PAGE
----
CAD could pose a bigger threat than offshore teleradiology

November 29, 2006

U.S. radiologists face more of a threat from advances in computer-aided diagnosis than from foreign radiologists who perform interpretations at reduced rates, according to a speaker at the RSNA meeting on Tuesday.

U.S. radiologists face more of a threat from advances in computer-aided diagnosis than from foreign radiologists who perform interpretations at reduced rates, according to a speaker at the RSNA meeting on Tuesday.

Frank Levy, an economist at the Massachusetts Institute of Technology, said image interpretation doesn't meet the conditions that traditionally lead to offshoring, but that CAD could gradually encroach into radiology reads.

Levy was the opening speaker at a scientific session on teleradiology. His point of departure was the limited success foreign-based teleradiology companies have had in capturing part of the U.S. market. Only the Bangalore-based company run by session moderator Dr. Arjun Kalyanpur, a Yale University-trained radiologist who employs U.S.-boarded radiologists, is active in the U.S. market, Levy said.

(Wipro, an India-based technology giant, says it provides teleradiology services to four U.S. hospitals that it declines to identify. It is likely that most or all of that service involves 3D reconstructions.)

Research presented at the session tracked the rapid expansion of teleradiology, the leading telemedicine application from 1999 to 2003, and found referring physicians to be generally biased in favor of local over remote radiologists.

Tasks that are sent offshore can usually be broken into a set of step-by-step procedures or rules, according to Levy. Radiology practice is the antithesis of that process, and the slow evolution of CAD proves the point. Difficulties in computerizing interpretation show that it is hard to articulate underlying processes, which requires tacit knowledge and case-based reasoning.

Other factors also mitigate against the offshoring of radiology reads. The profession is heavily regulated and training is expensive and extensive, so the supply of radiologists is very limited in areas that might provide offshore interpretations. Drawing those radiologists into the market for U.S. image interpretations would require a fast runup in their wages, Levy said.

Even if an image is shipped offshore for interpretation, it must be captured in the U.S., and the biggest share of that cost goes to pay for equipment, the technical fee. Those who want to reduce the cost of imaging, therefore, are better off reducing the number of scans than looking for low-cost interpretations.

In the long run, U.S. radiologists face more of a challenge from CAD, Levy said. He cited the ubiquitous bank ATM, which cannot do everything a teller does but has still dramatically reduced the need for human workers. CAD could be making similar inroads into radiology practice in five to eight years.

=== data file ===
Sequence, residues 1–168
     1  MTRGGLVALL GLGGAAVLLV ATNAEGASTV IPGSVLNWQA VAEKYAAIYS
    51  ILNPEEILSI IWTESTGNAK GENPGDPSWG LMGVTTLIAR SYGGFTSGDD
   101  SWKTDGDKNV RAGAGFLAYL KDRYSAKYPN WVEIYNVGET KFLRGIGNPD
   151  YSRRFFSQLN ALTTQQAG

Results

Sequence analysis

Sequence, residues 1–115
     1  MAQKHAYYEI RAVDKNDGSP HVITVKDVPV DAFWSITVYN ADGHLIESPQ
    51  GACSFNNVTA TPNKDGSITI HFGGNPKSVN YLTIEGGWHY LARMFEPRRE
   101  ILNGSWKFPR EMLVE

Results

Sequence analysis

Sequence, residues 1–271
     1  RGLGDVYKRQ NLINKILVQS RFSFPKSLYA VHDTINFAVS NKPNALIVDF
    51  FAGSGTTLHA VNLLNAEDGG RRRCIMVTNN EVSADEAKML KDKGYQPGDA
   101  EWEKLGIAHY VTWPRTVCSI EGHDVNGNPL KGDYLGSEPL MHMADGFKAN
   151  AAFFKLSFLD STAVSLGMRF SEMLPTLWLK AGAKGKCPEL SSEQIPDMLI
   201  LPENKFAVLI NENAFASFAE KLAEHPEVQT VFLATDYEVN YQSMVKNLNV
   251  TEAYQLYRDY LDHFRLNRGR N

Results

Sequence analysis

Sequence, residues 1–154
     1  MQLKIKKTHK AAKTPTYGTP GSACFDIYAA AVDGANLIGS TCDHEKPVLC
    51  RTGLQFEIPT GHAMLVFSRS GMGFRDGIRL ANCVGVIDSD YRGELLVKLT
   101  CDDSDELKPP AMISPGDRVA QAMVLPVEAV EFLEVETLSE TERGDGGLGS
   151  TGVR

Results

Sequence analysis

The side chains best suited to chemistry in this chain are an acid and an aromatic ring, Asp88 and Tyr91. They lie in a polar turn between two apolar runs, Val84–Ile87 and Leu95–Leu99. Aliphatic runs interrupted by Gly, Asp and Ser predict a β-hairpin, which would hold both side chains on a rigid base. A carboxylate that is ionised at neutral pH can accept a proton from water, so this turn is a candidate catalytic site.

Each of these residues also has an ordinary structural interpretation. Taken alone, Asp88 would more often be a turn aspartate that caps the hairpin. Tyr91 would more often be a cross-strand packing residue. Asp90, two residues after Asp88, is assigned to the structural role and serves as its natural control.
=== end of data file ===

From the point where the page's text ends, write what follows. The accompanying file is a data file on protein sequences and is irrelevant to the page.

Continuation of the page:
A survey of attitudes by referring physicians toward offshore teleradiology showed them to have clear bias toward the local radiologist. The survey was conducted at Yale and led by Dr. Neil Lester, who now practices in New York City. It went to 350 referring physicians and asked for responses to different scenarios. The survey had a 34% response rate.

It found that if all variables are held equal, referring physicians strongly prefer working with local over international radiologists. When the international radiologist provides either a two-day faster turnaround time for reports or a $30 lower out-of-pocket cost to the patient, referring physicians still prefer local radiologists, though less strongly.

When the international radiologist provides both a two-day faster turnaround time and a $30 lower out-of-pocket cost to the patient, referring physicians preferred international radiologist, but by only a slight margin. Finally, when the credentials of the international radiologists are perceived to be weaker than those of local radiologists, referring physicians overall strongly prefer local services even given the same faster turnaround and lower cost.

"Quality comes first," Lester said. "With high-quality interpretation, the risk of having one's work outsourced is low."

A 2003 survey of teleradiology found that 67% of radiology practices in the U.S., which included 80% of all U.S. radiologists, reported using teleradiology, a significant increase from 58% in 1999. Assuming that growth continued on a linear basis, 90% of radiologists would be using teleradiology today, said Dr. Todd Ebbert of Yale. He won an RSNA resident research prize for the paper.